We’ve had a visit from Darwin recently. Not the naturalist – this isn’t magic realism – but a 2-year-old with a father besotted by the Galapagos Islands and travel. His parents barely seem to notice nature, but Darwin loves it, he drinks in our garden, a chunk of bark chip, a stray bottlebrush flower, the sound of a honeyeater marking out his territory. Darwin loves it all, he wanders slowly amongst the deliberately unkempt garden, eyes open as wide as possible to take in these new strange surroundings his parents have brought him to. You will say, everything is amazing when you first discover the world. But it’s not just that, it is that he looks at things in such detail, from a perspective close to the earth. He makes sounds that might be words, but they could be Mandarin or Flemish, his parents’ main languages. It doesn’t matter, I get it.
Oops, I do need a Facebook break.
Back. I have to be on FB or I won’t know what is happening to my younger family members. That’s an excuse but also true. I wouldn’t willingly make myself learn yet more technology unless I had to. I’m a dinosaur, in my first job I was dazzled by a ‘plugs and keys’ switchboard I had to master. But, having done this I quickly learnt to touch type on heavy old machines at the Receptionist Centre, alongside other women and a few burly policemen, which explained the robustness of the machines. Bash, bash, bash, went the keys following the tempo set for us, and if you didn’t have strong little fingers at the beginning of the course you certainly did at the end. You might do without a q or a z for a bit, but you absolutely had to be able to type an a. That short course, just a few hours a week for a few weeks, has given me a skill I have used all of my life. I’m using it right now. Not unlike Darwin, I was like a sponge in my new environment. Hurt but unsurprised that I had to leave school early, I was determined to make the most of what was on offer. My brother and I decided to go to night school together to gain our Higher School Certificates. We had enough energy to attend relatively diligently five nights a week after work for a year, rewarding ourselves some nights with the highly seasoned chicken that was on offer in a brand-new establishment near the technical college. Fridays suffered somewhat, but then Fridays were History nights, and I had no illusions about my abilities there, after four years of being taught by rote to recall dates and names of famous foreign people who won wars. I scraped through for a Level 3.
I’m now thousands of miles away. Flying is still some kind of magic, despite the accompanying illness that should really be expected from transporting you so quickly to the other side of the world. Perhaps in the future we will really have a Star Trek style of transporter – I hate to imagine the jet lag then! We are making our annual pilgrimage for my partner to see his family in England, and for me to see mine in Ireland. Amongst our friends and acquaintances this is a regular occurrence, flying north for the winter. I check my e-reader for the time, haven’t sorted out a phone yet: four-thirteen. Practically normal for an early riser. Only a few more days and all trace of my Australian body clock will be gone. And of course, a few reminders of Australia appear here. There is a story about a shark jumping into a fisherman’s boat off the NSW coast; that is the kind of Australian story people are interested in. We are a passing glimpse of an island beset with dangerous animals and spiders, with some sporting ability but this is fading. Nobody would be aware that Sia of the magnificent voice and song writing prowess, combined with a mysterious stage presence, is the daughter of a Men at Work (‘Land Down Under’) member. Why would they? Is it important? Where you live is not relevant in social media, just what you post. Probably much more egalitarian than in the past. Sia is clever, surely her father’s knowledge of the business has helped her to take more and more control of her own brand. Something poor Jane Austen didn’t get right. Yes, we are in England and there is yet another program about her in the continuing effort to make up for her inability to make more than a few hundred pounds out of her blockbuster novels in her lifetime. I appreciate her supporters’ desire for proper recognition, but also wonder, in this increasing magnification of her life, if all the other women writers are being ignored. She is a great story, living the poor life of her heroines and succumbing to a romantically-young death without finding romantic happiness. This single focus is easier in a world beset with too many people in your face.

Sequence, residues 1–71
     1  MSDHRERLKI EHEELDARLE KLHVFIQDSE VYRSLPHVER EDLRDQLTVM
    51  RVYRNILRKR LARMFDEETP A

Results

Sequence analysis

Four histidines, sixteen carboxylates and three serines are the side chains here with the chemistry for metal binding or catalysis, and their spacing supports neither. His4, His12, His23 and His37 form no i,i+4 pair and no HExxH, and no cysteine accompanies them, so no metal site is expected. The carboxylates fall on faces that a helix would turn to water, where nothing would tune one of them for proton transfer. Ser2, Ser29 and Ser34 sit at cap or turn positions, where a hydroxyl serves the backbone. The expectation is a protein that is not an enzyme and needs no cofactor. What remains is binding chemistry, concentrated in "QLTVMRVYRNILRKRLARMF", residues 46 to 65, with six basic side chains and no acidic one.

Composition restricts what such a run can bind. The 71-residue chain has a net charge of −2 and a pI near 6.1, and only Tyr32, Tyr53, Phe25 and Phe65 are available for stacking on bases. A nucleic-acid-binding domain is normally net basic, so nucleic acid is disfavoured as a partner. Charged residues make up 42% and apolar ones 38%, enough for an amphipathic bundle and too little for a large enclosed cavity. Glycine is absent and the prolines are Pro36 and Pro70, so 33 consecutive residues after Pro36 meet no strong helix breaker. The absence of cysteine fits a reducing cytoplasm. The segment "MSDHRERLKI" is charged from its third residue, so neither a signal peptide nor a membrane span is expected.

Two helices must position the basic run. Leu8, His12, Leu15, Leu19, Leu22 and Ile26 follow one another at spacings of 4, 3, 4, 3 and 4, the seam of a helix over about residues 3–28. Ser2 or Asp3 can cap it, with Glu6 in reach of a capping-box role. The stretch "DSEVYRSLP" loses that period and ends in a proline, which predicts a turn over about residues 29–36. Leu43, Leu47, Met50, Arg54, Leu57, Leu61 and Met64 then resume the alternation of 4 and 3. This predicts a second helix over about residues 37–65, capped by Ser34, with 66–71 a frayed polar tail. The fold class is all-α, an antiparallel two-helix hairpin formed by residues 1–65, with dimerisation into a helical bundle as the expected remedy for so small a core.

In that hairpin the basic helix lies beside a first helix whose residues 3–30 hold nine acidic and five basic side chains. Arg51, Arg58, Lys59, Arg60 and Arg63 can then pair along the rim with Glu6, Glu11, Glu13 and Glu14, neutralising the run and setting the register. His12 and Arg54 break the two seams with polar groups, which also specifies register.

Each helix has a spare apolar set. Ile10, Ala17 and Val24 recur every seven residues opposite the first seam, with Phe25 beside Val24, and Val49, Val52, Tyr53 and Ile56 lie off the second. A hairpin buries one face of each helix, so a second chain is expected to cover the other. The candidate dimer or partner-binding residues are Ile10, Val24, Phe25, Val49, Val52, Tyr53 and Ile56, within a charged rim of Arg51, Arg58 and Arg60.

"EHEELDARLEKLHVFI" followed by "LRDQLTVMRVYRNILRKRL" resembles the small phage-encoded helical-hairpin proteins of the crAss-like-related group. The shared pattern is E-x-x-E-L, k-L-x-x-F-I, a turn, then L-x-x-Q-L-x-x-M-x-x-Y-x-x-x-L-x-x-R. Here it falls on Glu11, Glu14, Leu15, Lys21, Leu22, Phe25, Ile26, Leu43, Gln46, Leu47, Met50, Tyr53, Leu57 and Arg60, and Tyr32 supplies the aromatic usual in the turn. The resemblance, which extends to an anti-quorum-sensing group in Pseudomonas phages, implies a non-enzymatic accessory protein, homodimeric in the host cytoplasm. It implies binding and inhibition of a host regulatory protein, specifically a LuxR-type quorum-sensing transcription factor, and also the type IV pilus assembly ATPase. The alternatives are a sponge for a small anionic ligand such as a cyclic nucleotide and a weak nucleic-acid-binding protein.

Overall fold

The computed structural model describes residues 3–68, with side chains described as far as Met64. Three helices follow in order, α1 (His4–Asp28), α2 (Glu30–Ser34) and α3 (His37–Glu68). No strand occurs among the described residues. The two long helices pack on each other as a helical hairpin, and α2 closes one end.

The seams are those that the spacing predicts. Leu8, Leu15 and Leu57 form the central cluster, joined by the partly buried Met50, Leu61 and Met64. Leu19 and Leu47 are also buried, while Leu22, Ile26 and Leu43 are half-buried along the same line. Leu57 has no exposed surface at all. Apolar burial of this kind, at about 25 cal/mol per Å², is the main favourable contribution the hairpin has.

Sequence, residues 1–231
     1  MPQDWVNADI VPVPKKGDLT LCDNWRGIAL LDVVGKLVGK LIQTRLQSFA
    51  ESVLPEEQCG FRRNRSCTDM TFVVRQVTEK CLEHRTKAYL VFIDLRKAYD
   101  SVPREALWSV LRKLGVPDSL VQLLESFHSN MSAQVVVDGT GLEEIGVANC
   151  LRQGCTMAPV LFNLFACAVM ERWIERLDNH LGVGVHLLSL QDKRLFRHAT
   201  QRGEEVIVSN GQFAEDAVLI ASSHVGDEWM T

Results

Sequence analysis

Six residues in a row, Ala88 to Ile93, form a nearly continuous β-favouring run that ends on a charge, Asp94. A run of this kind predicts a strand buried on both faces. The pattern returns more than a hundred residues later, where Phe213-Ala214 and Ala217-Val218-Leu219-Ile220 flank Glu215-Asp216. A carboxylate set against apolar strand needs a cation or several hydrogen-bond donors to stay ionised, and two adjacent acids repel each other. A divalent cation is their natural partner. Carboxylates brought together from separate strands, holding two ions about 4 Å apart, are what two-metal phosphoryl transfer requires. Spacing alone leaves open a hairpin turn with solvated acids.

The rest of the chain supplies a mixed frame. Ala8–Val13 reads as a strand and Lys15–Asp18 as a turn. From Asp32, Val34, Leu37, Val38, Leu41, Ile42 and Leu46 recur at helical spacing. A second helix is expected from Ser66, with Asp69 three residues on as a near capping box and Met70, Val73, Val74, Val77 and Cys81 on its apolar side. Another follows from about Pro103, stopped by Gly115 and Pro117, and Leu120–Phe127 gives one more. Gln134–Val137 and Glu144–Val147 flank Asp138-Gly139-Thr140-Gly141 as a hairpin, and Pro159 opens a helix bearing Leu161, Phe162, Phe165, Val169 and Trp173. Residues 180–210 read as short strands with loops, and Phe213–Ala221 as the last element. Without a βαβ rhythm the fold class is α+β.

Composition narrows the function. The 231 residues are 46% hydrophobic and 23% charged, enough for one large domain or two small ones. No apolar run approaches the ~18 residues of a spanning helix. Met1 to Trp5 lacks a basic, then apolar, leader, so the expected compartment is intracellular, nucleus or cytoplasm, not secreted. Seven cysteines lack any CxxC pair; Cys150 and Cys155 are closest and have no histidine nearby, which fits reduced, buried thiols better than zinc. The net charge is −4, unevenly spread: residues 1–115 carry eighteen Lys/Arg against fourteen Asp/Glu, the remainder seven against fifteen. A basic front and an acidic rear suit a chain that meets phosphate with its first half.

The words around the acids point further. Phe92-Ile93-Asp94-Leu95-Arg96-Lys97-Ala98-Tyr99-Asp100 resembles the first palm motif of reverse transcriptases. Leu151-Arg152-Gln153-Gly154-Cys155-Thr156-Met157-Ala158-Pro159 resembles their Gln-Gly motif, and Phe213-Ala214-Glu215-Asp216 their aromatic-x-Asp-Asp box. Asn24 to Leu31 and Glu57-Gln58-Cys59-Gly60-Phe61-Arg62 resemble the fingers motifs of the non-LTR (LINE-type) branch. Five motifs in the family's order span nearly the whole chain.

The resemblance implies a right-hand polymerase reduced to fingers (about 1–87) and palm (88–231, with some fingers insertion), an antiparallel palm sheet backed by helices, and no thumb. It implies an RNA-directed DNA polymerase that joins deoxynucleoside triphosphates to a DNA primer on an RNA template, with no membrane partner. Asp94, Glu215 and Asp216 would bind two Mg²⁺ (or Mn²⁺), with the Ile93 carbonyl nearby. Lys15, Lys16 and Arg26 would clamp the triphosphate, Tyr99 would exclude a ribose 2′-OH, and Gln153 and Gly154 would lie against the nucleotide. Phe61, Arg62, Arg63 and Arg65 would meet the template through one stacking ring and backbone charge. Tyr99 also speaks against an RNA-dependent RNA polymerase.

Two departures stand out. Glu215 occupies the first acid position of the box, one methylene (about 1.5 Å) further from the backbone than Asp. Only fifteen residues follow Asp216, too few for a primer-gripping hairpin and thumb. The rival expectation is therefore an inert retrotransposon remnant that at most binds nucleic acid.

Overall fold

And don’t get me wrong, I like fairies, I like the idea of them, their promise of hope. Once in Ireland, my niece and I found a fairy tree – one of those small shrubs, often hawthorn, all alone in the middle of a field. They are supposedly left as it is bad luck to cut them down. When we approached, we saw many bits and pieces tied to it – people’s efforts to partake of the magic. There were ties, scarves, handkerchiefs, all sorts of paraphernalia. My niece and I couldn’t resist adding our hair ties – you never know, as they say, it might bring luck. I also want to partake of a tradition that protects small, spiky trees fending for themselves in the wider world. It is all about hope.